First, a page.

Without its Christian base, the West is nothing. But Christianity in Britain and Europe lost its way a long time ago. Losing their faith, many Christian churches turned instead to social and political activism, liberation theology, and the radical Marxist analysis of the World Council of Churches. Those progressive churches have denied their Jewish parent. Embracing instead their Islamist assassin in the misguided hope of saving their flock, they are in the forefront of the charge against Israel. In the process, they are destroying themselves. But a society without a religious core rests on sand.
Many Jews, especially those on the left, see no problem with mass Muslim immigration except for Islamophobia. Such Jews are either indifferent to Israel or they believe many of the lies told about it. Indeed, tragically, many of the leaders of the new anti-Semitism are themselves Jews.
For all these members of the tribe, the idea that it may be time for the Jews to leave Britain is no more than paranoid hysteria. For other British Jews, though, the current situation is deeply, profoundly upsetting and lowering. The anti-Semitism is bad enough. But it’s not just the anti-Semitism that’s so devastating. It’s the reaction to those who call it out for what it is.
The same people who claim to see anti-Semitism in European populism or the political base of Donald Trump regularly accuse Jews of claiming anti-Semitism just to “sanitize the crimes of Israel” or “bring down Jeremy Corbyn.”
This reaction is worse, far worse, than the anti-Semitism itself. It’s worse even than indifference. For it imputes to the Jews malicious intent in claiming that Jewish people are being maliciously targeted.It says they are lying. It blames the Jews for their own victimization.
This reaction is the inescapable evidence that the Jews are being abandoned.Those of us who have loved Britain for its gentleness, its tolerance, its decency, its stoicism, its reasonableness, and the dampness of both its weather and national temperament feel as if we have been orphaned. But maybe we were living all along in a fool’s paradise.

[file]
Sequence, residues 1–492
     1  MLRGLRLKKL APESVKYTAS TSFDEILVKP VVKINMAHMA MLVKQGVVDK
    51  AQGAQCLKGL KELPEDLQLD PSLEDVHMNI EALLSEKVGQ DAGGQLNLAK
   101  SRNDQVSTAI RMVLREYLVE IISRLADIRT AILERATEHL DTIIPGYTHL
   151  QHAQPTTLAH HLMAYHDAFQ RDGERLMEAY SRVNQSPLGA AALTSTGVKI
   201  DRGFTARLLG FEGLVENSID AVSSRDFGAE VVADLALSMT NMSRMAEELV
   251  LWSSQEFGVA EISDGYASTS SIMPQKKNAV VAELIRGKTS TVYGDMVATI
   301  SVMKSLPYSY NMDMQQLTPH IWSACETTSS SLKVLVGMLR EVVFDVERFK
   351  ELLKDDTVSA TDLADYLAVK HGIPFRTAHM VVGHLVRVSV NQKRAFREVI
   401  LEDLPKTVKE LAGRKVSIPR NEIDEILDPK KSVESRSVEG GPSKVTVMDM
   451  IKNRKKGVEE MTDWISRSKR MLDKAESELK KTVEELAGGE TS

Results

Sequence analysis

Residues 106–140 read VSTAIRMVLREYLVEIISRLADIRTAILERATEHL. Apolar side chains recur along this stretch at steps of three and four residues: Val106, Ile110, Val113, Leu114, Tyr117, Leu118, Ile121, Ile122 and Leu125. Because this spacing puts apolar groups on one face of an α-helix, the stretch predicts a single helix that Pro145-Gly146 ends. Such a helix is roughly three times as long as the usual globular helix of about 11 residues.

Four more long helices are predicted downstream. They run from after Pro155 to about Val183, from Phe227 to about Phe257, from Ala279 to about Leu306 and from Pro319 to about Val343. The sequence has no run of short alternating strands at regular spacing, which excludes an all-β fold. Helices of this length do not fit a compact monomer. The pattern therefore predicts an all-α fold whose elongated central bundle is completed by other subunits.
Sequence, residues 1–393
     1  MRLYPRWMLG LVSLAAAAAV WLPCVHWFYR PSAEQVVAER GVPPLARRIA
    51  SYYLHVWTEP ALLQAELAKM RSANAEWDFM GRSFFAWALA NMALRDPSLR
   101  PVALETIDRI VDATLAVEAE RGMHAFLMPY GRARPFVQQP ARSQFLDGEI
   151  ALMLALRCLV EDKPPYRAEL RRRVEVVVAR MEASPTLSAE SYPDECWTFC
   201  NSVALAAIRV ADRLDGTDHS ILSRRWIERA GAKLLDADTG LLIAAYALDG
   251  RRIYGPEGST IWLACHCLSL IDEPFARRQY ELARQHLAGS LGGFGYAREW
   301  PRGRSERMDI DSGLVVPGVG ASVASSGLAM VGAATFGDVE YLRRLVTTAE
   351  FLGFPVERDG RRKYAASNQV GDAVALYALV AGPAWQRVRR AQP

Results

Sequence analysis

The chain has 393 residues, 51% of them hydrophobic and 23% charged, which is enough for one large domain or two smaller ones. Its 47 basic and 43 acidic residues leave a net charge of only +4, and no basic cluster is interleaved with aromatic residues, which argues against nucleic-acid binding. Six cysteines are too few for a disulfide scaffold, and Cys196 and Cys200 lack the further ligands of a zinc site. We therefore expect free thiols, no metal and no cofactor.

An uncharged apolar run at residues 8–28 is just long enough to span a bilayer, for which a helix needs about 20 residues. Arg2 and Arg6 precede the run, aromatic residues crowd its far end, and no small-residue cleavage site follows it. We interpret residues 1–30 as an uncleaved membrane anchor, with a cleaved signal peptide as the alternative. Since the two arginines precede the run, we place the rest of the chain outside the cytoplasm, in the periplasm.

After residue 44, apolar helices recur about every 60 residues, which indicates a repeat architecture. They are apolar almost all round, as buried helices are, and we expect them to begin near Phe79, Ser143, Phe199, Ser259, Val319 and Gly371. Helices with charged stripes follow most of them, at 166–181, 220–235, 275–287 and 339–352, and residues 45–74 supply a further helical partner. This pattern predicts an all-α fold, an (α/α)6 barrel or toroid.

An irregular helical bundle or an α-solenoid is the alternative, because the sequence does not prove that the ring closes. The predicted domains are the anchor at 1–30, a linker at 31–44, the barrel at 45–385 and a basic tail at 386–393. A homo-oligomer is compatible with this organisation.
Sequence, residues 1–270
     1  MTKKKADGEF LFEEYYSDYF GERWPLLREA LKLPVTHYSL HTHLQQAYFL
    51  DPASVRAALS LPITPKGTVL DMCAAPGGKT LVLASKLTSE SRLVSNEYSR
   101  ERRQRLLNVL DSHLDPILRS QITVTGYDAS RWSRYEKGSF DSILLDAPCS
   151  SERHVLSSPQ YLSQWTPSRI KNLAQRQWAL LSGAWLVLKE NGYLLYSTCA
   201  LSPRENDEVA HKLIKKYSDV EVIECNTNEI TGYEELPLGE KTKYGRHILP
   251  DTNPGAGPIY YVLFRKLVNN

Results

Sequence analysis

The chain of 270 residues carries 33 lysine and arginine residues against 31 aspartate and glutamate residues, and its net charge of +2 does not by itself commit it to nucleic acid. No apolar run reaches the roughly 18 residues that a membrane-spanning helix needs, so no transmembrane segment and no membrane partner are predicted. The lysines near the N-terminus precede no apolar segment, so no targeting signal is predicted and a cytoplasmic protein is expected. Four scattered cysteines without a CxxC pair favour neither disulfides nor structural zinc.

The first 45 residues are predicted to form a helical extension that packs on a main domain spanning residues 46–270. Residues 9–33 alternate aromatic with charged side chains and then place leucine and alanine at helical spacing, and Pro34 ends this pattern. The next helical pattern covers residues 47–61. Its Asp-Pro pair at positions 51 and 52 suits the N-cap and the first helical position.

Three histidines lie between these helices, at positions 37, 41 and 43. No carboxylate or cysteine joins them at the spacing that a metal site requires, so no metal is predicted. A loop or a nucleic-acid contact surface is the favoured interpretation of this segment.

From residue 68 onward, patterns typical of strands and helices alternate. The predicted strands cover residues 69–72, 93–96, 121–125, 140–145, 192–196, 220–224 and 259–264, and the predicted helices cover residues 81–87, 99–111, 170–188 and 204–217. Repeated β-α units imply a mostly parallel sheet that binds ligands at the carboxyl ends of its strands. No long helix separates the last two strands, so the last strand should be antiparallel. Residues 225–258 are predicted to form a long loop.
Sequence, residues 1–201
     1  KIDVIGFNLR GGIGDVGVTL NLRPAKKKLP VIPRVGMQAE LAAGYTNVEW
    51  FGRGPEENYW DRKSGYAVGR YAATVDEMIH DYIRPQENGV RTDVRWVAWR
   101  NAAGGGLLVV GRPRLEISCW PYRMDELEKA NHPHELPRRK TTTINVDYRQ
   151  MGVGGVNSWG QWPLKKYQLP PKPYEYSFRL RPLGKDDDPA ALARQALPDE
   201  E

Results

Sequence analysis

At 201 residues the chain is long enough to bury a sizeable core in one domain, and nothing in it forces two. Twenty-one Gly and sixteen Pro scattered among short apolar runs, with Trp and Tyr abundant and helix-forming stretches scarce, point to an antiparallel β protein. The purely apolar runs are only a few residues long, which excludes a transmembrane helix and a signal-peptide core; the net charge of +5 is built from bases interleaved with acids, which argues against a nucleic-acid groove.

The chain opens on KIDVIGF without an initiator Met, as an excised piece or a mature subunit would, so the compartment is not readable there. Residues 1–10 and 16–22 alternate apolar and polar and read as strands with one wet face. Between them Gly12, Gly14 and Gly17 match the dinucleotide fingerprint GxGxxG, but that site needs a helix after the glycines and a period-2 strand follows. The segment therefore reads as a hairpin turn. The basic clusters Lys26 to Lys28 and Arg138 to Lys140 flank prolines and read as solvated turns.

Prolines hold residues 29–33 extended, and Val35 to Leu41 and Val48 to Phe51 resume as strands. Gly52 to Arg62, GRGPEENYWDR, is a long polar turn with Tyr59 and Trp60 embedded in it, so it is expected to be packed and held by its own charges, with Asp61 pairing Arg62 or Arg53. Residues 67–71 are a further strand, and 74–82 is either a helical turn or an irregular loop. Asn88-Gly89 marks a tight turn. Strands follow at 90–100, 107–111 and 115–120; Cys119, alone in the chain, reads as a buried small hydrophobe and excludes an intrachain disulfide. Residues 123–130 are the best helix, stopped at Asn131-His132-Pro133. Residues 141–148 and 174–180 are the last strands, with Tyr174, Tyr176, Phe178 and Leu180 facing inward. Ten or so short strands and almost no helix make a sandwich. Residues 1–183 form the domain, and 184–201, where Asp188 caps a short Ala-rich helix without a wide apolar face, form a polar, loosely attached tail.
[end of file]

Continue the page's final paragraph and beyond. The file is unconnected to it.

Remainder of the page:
Some people think Europe is over, that the demographics are against it and that it will become a majority-Muslim culture in a few decades. My guess is that Europe won’t go down without a fight. If that happens, the Jews are likely to get it in the neck from all sides. Whichever way it goes, it’s not a pleasant prospect.
So is it time to leave? It’s very personal, and I wouldn’t presume to advise anyone what to do. I can only speak for myself and say that for some years now, I’ve been spending a great deal of my time in Israel. Because even with 150,000 Hezbollah rockets pointing at us from Lebanon, even with Hamas trying every day to murder us, and even with Iran working toward its genocide bomb to wipe us out, Israel is where I feel so much safer and the air is so much sweeter, and it’s where Jews are not on their knees and where no one will ever make me feel I am not entitled to live and don’t properly belong.
Israel is where we have astonishingly renewed ourselves as a nation out of the ashes of the Shoah. Israel is where all those who want us gone meet their nemesis in the political realization of the eternal people. Israel is the ultimate, and ultimately the only, definitive and triumphant repudiation of anti-Semitism and the true vindication of the millions of us who perished in the unspeakable events that we memorialize on Holocaust Memorial Day.